Events are, just like the business card or the website, a figurehead that tells something about your company. You should therefore have high demands on the quality of the online event. In our consultations, we had the feedback from time to time: “It's only online, you don't have to go to such a hassle now”. But that's not the case, because online events also have to be very well prepared. And the same applies here: yes, it will cost money. Therefore, it is good to consider beforehand whether the event or the goal that you are pursuing is worth it.

We have summarized some “Do's” and “Don't's” here.


  • Do not use a smartphone for recording
    What might work for spontaneous streams is unsuitable for online events
  • The classic webcam perspective
    Nobody wants to see jerky and half-sharp images and it just looks unprofessional
  • Sound through the computer microphone
    that will drive the viewers away as quickly as they came
  • only one, rigid camera perspective
    quickly becomes boring


  • good illumination
    Your set should be illuminated evenly and as bright as day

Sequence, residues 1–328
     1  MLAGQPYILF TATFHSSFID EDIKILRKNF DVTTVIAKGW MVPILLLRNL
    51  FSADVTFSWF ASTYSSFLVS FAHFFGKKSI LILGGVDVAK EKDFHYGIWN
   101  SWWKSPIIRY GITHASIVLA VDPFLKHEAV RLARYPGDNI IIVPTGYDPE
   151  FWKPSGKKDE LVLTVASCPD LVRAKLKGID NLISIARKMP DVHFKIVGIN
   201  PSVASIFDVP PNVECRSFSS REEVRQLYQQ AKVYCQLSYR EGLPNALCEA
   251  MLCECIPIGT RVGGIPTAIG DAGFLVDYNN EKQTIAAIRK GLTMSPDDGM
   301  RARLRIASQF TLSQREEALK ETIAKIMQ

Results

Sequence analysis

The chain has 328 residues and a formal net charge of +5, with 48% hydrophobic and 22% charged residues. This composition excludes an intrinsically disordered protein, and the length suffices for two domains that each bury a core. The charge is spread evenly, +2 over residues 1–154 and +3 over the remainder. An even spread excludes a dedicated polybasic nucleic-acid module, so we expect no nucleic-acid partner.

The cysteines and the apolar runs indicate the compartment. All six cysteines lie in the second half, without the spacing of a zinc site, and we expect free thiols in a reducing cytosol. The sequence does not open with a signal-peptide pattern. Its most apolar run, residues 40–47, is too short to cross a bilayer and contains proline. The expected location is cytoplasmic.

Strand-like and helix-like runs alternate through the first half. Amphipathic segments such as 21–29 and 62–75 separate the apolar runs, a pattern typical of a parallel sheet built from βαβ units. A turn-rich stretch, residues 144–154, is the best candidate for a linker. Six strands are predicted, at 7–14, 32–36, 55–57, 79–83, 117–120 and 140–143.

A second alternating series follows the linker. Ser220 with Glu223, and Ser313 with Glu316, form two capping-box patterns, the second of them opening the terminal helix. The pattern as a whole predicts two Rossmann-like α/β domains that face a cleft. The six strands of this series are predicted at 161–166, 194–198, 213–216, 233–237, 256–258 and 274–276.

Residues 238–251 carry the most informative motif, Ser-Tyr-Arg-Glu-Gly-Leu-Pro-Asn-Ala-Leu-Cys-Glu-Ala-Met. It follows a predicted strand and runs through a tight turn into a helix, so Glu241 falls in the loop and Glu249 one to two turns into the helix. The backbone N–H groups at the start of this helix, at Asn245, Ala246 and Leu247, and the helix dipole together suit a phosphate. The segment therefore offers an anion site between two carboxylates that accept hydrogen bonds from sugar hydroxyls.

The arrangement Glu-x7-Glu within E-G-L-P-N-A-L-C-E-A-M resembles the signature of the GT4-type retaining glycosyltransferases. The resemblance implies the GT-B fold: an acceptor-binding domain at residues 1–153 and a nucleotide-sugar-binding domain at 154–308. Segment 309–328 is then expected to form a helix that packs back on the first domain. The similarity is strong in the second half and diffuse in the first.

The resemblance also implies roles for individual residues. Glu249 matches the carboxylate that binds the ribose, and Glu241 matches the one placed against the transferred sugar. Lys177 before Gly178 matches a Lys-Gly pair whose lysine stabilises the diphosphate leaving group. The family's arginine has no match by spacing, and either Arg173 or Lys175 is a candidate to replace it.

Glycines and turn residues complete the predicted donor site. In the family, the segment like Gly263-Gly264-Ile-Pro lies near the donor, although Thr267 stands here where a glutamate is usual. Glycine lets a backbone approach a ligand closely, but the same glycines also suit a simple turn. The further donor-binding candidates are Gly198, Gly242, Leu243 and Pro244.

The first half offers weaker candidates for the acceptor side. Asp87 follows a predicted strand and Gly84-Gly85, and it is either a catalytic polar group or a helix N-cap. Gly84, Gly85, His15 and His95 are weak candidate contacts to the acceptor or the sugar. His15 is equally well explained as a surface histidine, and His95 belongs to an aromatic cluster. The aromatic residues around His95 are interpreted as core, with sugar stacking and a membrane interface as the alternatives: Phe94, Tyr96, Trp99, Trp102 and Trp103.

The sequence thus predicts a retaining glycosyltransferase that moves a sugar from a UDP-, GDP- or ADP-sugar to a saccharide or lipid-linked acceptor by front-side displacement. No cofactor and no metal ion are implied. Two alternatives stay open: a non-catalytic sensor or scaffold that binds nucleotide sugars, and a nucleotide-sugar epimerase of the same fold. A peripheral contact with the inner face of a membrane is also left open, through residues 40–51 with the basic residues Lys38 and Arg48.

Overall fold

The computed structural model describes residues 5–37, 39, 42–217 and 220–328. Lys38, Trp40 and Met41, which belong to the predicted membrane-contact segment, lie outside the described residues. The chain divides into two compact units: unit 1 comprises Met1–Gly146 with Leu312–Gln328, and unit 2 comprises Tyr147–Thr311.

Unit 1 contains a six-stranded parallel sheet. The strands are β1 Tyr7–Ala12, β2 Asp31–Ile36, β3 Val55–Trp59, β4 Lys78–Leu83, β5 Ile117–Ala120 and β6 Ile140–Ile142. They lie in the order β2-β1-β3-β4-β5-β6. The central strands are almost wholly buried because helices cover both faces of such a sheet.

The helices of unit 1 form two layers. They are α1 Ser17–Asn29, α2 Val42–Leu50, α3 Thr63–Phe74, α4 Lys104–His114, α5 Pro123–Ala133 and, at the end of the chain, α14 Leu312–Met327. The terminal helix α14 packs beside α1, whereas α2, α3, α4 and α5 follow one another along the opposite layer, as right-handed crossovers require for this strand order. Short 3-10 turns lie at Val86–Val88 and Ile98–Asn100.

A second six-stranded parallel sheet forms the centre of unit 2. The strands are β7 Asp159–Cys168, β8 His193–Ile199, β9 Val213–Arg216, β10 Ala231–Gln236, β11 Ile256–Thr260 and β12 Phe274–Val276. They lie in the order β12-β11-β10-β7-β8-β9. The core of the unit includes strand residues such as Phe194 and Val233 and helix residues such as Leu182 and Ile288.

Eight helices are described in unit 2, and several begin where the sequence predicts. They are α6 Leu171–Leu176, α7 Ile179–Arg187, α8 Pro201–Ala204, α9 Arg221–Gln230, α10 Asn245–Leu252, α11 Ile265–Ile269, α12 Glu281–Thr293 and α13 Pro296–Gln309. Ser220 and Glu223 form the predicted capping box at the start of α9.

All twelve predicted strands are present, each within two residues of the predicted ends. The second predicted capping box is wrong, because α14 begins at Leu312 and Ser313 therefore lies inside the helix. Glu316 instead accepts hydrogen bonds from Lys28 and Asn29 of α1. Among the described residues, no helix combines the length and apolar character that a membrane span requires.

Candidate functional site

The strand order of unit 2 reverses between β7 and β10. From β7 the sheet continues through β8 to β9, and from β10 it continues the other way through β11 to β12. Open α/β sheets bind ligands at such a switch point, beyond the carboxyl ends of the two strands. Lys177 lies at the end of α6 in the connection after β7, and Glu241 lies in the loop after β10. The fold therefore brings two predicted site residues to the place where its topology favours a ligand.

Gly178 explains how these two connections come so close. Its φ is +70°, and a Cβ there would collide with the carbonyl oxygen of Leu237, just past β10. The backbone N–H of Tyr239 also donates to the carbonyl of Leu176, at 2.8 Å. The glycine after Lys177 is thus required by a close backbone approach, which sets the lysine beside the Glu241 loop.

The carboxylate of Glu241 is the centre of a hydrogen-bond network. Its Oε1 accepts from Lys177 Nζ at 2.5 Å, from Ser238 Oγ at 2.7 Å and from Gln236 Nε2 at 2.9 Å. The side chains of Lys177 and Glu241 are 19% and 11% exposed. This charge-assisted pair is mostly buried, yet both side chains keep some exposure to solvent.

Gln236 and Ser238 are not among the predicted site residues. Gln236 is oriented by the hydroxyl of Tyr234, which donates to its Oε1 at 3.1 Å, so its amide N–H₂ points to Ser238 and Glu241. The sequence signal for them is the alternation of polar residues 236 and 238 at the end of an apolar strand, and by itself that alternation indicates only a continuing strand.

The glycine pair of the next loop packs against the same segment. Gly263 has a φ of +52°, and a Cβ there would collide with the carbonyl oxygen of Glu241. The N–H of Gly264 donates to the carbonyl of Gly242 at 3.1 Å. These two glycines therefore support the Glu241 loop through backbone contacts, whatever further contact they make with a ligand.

• Clear image
    the resolution should be at least 720p
  • Live direction
    the right perspective at the right time enhances your online event enormously
  • Clean tone
    The sound must be clear and free of interference
  • Prepare for a live situation
    Not seeing the audience can be irritating

Live direction

A direction brings your online event a big step closer to the look and feel of a TV show. Because instead of a rigid perspective, you can switch between different camera perspectives. Just as it fits the content of your program. If there are several interlocutors, z. B. always the person who is speaking are shown in close-up. When you are demonstrating something, objects on a table can be brought into the picture at the right time. And when it comes to presentations, it makes sense to switch between the presentation slide and the speaker. This way your event gets a visual dynamic and it is just more fun to watch the program.